Are you enthusiastic about linguistics and eager to share your enthusiasm with a wider audience, but not sure how to get started?  Our panel of veteran podcasters will share their experience, including technical, journalistic and promotional best practices.  

The webinar took place on Friday, March 6 from 1:00 - 2:30 PM U.S. Eastern Time.  

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Anne Curzan is Geneva Smitherman Collegiate Professor of English, Linguistics, and Education and dean of the College of Literature, Science, and the Arts at the University of Michigan. Her research focuses on the history of the English language, attitudes about language change, language and gender, and pedagogy. She has published multiple books and dozens of articles; her most recent books include Fixing English: Prescriptivism and Language History (2014) and the third edition of the co-authored textbook How English Works: A Linguistic Introduction (2012). She has also created the audio/video courses “Secret Life of Words: English Words and Their Origins” and “English Grammar Boot Camp” for The Great Courses. Professor Curzan wrote for six years for the blog Lingua Franca for the Chronicle of Higher Education and is the featured expert on the segment "That's What They Say" on local NPR station Michigan Radio.




Carrie Gillon is the co-founder of Quick Brown Fox Consulting and the co-host of the Vocal Fries, the podcast about linguistic discrimination. Trained as a semanticist, she researched the syntax and semantics of understudied languages, mainly Indigenous languages of Canada, and co-edited the Skwxwú7mesh-English bilingual dictionary.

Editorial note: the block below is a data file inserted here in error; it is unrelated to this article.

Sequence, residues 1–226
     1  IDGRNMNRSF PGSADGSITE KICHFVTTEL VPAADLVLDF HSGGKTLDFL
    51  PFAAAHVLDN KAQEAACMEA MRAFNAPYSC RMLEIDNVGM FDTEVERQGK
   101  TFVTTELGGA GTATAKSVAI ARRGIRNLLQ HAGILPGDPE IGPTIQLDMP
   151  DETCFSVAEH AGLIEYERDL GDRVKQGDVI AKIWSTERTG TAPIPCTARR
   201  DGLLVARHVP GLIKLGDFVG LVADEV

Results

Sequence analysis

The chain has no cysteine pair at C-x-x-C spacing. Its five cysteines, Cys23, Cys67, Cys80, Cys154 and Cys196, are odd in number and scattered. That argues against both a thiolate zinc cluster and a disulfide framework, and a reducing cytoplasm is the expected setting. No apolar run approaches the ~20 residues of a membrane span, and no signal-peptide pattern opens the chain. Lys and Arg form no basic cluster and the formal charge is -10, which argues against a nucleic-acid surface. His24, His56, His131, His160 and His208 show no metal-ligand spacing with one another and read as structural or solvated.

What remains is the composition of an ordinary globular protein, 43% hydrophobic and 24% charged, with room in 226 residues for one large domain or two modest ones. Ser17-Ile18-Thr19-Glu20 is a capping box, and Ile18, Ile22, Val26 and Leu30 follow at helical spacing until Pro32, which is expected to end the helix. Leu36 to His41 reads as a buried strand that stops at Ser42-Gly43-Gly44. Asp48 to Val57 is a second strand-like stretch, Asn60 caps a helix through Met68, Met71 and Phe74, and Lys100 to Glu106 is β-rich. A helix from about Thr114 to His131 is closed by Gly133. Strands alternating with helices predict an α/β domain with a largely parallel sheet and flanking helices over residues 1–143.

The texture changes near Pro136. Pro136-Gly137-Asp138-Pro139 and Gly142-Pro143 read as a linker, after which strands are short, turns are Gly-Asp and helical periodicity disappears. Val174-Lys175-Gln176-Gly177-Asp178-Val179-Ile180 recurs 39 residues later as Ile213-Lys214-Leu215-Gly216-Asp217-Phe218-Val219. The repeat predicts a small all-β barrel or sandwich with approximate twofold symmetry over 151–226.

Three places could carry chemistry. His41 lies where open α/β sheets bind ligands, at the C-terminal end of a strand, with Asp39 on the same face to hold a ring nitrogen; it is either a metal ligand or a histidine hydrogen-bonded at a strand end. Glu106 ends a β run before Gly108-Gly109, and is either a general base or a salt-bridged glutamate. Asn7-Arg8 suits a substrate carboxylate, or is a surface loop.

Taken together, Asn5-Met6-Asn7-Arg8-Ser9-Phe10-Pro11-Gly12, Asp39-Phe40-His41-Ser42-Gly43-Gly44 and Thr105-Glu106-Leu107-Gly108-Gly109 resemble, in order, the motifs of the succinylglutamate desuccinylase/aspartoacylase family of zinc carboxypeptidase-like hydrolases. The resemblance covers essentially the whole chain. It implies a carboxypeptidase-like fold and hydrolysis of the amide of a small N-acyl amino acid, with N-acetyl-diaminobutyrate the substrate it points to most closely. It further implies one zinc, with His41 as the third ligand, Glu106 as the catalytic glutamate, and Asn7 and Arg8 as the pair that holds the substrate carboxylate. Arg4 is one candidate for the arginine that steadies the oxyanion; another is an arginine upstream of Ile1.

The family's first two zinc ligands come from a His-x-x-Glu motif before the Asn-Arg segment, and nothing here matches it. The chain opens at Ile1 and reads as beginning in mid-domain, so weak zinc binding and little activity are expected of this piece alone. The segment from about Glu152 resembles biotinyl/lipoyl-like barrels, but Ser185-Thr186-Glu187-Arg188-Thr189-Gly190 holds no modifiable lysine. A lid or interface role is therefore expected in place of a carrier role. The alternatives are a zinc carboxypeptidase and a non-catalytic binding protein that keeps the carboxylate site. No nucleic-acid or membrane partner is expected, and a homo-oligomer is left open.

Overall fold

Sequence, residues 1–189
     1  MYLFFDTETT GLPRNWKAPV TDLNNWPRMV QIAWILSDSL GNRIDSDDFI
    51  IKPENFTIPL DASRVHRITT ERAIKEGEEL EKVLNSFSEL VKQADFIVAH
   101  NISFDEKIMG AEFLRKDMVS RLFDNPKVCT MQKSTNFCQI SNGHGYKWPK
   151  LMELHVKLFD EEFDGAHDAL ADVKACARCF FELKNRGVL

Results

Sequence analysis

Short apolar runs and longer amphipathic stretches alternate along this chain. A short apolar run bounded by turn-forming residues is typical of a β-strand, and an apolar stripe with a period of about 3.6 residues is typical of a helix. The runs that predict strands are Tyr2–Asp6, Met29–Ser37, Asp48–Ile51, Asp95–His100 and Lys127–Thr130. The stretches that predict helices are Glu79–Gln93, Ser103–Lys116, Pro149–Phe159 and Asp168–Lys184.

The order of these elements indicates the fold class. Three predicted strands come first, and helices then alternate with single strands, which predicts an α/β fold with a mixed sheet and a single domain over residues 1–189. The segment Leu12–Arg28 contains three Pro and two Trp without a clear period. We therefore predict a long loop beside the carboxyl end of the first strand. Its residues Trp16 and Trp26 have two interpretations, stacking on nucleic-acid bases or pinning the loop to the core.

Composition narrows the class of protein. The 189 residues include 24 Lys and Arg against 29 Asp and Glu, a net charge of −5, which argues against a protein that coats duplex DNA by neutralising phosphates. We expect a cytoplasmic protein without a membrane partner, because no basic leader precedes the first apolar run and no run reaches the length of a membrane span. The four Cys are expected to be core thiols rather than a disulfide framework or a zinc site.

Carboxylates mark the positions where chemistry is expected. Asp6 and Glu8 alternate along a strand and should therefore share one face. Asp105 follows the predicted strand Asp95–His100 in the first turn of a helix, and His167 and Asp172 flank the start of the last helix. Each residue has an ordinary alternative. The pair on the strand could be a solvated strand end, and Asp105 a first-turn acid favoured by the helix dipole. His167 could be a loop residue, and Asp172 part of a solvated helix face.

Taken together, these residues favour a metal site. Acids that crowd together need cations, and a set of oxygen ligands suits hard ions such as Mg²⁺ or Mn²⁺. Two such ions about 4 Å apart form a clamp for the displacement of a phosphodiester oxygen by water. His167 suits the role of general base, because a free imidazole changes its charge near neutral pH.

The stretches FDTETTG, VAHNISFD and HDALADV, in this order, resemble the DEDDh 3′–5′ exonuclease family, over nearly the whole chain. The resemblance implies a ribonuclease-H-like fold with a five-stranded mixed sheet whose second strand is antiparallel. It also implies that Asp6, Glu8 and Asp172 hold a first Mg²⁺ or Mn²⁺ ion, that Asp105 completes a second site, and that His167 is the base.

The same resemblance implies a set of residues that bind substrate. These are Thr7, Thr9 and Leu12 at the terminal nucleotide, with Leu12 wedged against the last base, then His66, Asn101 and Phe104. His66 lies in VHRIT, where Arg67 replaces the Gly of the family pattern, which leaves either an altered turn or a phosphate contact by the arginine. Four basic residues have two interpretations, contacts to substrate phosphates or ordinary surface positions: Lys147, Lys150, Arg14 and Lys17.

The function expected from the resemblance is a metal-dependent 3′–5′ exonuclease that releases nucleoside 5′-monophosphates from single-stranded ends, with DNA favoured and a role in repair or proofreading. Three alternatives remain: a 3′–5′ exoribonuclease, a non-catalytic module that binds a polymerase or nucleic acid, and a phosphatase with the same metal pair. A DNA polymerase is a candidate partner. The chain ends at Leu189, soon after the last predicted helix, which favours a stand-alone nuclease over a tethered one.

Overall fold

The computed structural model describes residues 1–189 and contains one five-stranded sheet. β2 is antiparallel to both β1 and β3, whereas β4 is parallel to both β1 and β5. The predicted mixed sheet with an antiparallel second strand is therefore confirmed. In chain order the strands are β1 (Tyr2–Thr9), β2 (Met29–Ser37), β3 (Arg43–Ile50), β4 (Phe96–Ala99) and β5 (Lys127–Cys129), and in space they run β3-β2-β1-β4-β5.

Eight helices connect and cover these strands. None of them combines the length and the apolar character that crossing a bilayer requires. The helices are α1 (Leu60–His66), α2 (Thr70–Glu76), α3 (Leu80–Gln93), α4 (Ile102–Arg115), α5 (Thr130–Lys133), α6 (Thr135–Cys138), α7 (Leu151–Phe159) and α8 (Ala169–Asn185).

Michelle McSweeney is a computational linguist at and an adjunct professor at Pratt Institute and the CUNY Graduate Center where she teaches data analysis and visualization. She is the co-host of the podcast, Subtext, about the linguistics of online dating, and author of The Pragmatics  of Text Messaging: Making Meaning in Messages (Routledge 2018). Her research focuses on how our digitized world affects language and therefore our relationships by studying the norms and expectations for online dating. She currently has two books under way, one about the word, "data" and another about the word, "OK", both drawing connections between language and technological and scientific innovation.  







John McWhorter teaches linguistics at Columbia University, as well as Western Civilization and music history. He specializes in language change and language contact, and is the author of The Missing Spanish Creoles, Language Simplicity and Complexity, and most recently The Creole Debate. He has written extensively on issues related to linguistics, race, and other topics for Time, The New York Times, CNN, the Wall Street Journal, The New Republic and elsewhere, and is a Contributing Editor at The Atlantic. For the general public he is the author of The Power of Babel, Our Magnificent Bastard Tongue, The Language Hoax, Words on the Move, Talking Back, Talking Black, and other books, and hosts the Lexicon Valley language podcast at Slate.